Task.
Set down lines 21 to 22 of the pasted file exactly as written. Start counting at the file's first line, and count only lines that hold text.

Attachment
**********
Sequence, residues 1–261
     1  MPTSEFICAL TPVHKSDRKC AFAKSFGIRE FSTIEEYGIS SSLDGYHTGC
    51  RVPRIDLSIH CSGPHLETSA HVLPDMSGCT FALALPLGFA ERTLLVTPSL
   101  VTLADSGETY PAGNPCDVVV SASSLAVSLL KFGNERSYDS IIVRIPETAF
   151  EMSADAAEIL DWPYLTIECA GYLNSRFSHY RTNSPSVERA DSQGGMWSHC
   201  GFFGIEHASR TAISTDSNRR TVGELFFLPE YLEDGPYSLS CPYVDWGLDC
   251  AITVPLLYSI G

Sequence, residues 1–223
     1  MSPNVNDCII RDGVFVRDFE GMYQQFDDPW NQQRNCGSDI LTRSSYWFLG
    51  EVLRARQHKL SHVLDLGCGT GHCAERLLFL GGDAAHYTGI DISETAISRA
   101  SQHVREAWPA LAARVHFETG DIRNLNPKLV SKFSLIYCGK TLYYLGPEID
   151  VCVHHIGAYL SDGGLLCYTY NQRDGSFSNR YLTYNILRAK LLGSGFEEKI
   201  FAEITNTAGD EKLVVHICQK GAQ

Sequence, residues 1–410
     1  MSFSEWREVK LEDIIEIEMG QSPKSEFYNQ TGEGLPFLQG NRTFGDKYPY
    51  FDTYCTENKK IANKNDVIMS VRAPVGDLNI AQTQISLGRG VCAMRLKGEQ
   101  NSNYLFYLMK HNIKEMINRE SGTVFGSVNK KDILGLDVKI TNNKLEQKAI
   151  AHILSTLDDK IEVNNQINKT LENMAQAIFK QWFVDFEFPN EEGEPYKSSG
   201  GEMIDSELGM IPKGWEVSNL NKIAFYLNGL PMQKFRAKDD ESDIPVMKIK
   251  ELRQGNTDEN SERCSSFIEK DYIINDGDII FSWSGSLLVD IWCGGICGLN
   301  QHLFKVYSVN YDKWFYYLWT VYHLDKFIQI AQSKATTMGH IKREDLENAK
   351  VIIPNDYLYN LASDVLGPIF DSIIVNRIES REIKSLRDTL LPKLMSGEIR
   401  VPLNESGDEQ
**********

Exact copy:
   301  QHLFKVYSVN YDKWFYYLWT VYHLDKFIQI AQSKATTMGH IKREDLENAK
   351  VIIPNDYLYN LASDVLGPIF DSIIVNRIES REIKSLRDTL LPKLMSGEIR